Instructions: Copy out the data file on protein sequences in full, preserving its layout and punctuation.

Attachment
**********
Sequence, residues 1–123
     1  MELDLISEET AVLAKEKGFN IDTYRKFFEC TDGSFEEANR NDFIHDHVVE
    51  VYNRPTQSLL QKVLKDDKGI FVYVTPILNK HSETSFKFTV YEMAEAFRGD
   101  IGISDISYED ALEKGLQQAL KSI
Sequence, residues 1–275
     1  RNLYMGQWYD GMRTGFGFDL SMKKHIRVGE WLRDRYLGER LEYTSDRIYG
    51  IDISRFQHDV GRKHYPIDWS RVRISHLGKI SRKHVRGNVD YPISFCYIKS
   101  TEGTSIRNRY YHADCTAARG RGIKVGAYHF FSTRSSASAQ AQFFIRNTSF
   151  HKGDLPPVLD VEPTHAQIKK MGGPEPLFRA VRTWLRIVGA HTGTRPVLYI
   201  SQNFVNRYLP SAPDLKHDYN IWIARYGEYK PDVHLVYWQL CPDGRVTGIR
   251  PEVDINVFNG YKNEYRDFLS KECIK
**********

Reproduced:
Sequence, residues 1–123
     1  MELDLISEET AVLAKEKGFN IDTYRKFFEC TDGSFEEANR NDFIHDHVVE
    51  VYNRPTQSLL QKVLKDDKGI FVYVTPILNK HSETSFKFTV YEMAEAFRGD
   101  IGISDISYED ALEKGLQQAL KSI
Sequence, residues 1–275
     1  RNLYMGQWYD GMRTGFGFDL SMKKHIRVGE WLRDRYLGER LEYTSDRIYG
    51  IDISRFQHDV GRKHYPIDWS RVRISHLGKI SRKHVRGNVD YPISFCYIKS
   101  TEGTSIRNRY YHADCTAARG RGIKVGAYHF FSTRSSASAQ AQFFIRNTSF
   151  HKGDLPPVLD VEPTHAQIKK MGGPEPLFRA VRTWLRIVGA HTGTRPVLYI
   201  SQNFVNRYLP SAPDLKHDYN IWIARYGEYK PDVHLVYWQL CPDGRVTGIR
   251  PEVDINVFNG YKNEYRDFLS KECIK